The NY whistleblower law firm Halperin Bikel is seeking current and former employees of Mount Sinai Health System, Continuum Health Partners, and their many affiliated entities, who have knowledge of ongoing healthcare violations, including fraud against the Medicare and Medicaid systems.
Mount Sinai has a record of fraudulent billing that has victimized essential programs providing a medical safety net for the elderly and poor. But, we fear what has been revealed may only be the tip of the iceberg.
We hope that someone with inside knowledge of abuse will come forward, and we can help them claim a generous financial reward for doing so.
The federal False Claims Act (FCA) allows private citizens who know of Medicaid and Medicare fraud to come forward and claim a reward for their service. New York State has its own False Claims Act, which mirrors the federal law, but also provides more robust protections against retaliation.
If you know about fraudulent activity that bilks government programs intended for our most vulnerable citizens, now is the time to come forward and help right this wrong.
Our attorneys are determined to protect your rights and recover whatever cash awards are possible for the information you supply.
How New York State and Federal Whistleblowing Laws Work
The federal FCA goes back to the Civil War when contractors for the U.S. Army were undermining the war effort by fraudulently charging the government for goods and services never provided.
Known then as the Lincoln Law, the FCA allowed a private citizen with insider knowledge to bring a lawsuit on behalf of the government and share in the government’s recovery. The action is called a qui tam suit, after a Latin phrase indicating the plaintiff is suing for someone else.
New York’s False Claims Act operates on a similar principle, but has many advantages over the federal law. The state law has a 10-year statute of limitations, rather than the usual six years under the federal statute, making it easier for former employees to come forward.
The state law also permits a case to go forward on less specific allegations, so the plaintiff does not need to have records in his or her possession. Once the case is filed, prosecutors have subpoena power and can access records to support the allegations.
Both the federal False Claims Act and the New York State False Claims Act laws allow a whistleblower to receive a reward based on a percentage of the government’s recovery. The percentage varies, but tends to range between 15 and 30 percent. Cases often lead to multi-million-dollar recoveries, so the qui tam plaintiff’s bounty is substantial. If there are multiple whistleblowers, they must share the pool but note the first to file a claim has a massive advantage and might usurp the total award. Act quickly to preserve your rights.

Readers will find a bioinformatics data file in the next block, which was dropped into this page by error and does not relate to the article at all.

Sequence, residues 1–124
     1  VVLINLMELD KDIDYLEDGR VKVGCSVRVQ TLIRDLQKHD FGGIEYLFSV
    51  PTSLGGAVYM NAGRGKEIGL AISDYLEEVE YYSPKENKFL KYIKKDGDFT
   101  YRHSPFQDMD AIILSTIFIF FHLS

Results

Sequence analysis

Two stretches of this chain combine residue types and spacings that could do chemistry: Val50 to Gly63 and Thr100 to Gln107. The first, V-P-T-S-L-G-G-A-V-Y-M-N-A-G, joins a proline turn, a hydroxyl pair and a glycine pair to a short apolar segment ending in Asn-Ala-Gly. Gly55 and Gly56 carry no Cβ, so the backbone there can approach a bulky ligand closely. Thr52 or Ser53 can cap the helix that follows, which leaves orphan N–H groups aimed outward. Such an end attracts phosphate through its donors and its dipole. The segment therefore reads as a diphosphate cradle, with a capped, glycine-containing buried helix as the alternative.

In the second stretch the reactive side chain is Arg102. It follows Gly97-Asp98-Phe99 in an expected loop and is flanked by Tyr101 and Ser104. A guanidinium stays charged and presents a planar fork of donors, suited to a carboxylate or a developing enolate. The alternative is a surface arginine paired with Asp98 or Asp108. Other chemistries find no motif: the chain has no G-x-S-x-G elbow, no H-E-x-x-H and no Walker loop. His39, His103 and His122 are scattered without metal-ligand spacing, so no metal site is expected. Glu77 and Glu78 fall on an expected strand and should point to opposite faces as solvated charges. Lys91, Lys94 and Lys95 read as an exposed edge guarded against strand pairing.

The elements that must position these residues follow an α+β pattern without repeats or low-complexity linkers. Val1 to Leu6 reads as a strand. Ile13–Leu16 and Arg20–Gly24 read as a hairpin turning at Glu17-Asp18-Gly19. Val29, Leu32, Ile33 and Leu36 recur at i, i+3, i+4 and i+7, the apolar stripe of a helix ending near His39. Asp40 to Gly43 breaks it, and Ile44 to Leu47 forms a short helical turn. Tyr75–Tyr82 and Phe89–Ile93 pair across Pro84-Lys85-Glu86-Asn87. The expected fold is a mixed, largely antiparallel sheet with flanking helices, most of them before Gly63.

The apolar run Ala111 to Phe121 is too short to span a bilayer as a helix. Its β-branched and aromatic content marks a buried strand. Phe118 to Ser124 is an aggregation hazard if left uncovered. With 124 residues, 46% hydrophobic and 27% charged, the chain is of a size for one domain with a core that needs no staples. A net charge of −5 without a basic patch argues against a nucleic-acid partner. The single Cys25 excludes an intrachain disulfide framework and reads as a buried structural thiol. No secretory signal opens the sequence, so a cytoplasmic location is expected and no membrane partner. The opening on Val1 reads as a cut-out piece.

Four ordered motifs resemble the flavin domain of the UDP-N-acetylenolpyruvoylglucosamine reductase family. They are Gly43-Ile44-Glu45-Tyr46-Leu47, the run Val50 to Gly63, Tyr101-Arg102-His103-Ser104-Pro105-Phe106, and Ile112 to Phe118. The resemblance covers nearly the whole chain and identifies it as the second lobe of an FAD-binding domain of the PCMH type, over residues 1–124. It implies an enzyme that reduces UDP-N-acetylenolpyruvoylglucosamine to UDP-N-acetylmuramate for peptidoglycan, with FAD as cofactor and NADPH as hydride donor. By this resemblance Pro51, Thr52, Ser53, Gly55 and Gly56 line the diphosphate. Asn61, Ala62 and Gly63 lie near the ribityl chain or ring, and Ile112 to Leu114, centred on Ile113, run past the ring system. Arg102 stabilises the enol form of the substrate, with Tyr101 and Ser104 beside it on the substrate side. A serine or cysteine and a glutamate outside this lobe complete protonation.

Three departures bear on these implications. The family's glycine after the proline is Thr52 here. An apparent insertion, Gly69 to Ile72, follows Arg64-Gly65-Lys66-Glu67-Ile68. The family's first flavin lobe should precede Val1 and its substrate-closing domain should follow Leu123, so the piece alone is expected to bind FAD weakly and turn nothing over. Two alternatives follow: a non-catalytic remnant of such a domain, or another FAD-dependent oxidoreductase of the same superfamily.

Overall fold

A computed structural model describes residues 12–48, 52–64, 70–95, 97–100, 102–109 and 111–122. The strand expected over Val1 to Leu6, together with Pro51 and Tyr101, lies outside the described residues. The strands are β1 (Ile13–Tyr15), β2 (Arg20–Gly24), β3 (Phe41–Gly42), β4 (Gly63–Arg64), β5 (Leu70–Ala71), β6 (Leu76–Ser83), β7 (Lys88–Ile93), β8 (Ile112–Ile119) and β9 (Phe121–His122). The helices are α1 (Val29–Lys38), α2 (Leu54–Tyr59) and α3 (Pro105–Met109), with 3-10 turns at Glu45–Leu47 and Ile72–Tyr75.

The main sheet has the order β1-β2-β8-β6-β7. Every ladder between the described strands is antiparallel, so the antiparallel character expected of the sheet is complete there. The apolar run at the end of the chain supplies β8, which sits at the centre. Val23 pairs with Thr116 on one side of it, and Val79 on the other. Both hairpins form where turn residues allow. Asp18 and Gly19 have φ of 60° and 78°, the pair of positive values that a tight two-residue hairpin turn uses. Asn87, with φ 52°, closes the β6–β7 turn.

History of Mount Sinai Health System
Beginning as the New York Eye and Ear Infirmary of Mount Sinai in 1820, the Mount Sinai Health System has grown to be a global leader in medical care, research, and medical education across a range of specialties.
After a merger with Continuum Health Partners in 2013, the system can boast of eight hospital campuses in the New York metropolitan area:
- The Mount Sinai Hospital
- New York Eye and Ear Infirmary of Mount Sinai
- Mount Sinai West (formerly Mount Sinai Roosevelt)
- Mount Sinai South Nassau
- Mount Sinai Queens
- Mount Sinai Morningside
- Mount Sinai Brooklyn
- Mount Sinai Beth Israel
Other facilities include the Icahn School of Medicine, 13 free-standing joint-venture centers, and more than 400 ambulatory practice locations throughout the five boroughs of New York City, Westchester, and Long Island.
The system employs more than 42,00 workers, including 7,200 physicians, comprising general practitioners and specialists. Annually, the system handles more 150,000 cases on an inpatient basis, almost 3.5 million outpatient visits, and more than half a million Emergency Department visits.
The Mount Sinai Health System asserts that its mission is,
“To provide compassionate patient care with seamless coordination and to advance medicine through unrivaled education, research, and outreach in the many diverse communities we serve.”
The system’s aggressive branding claims: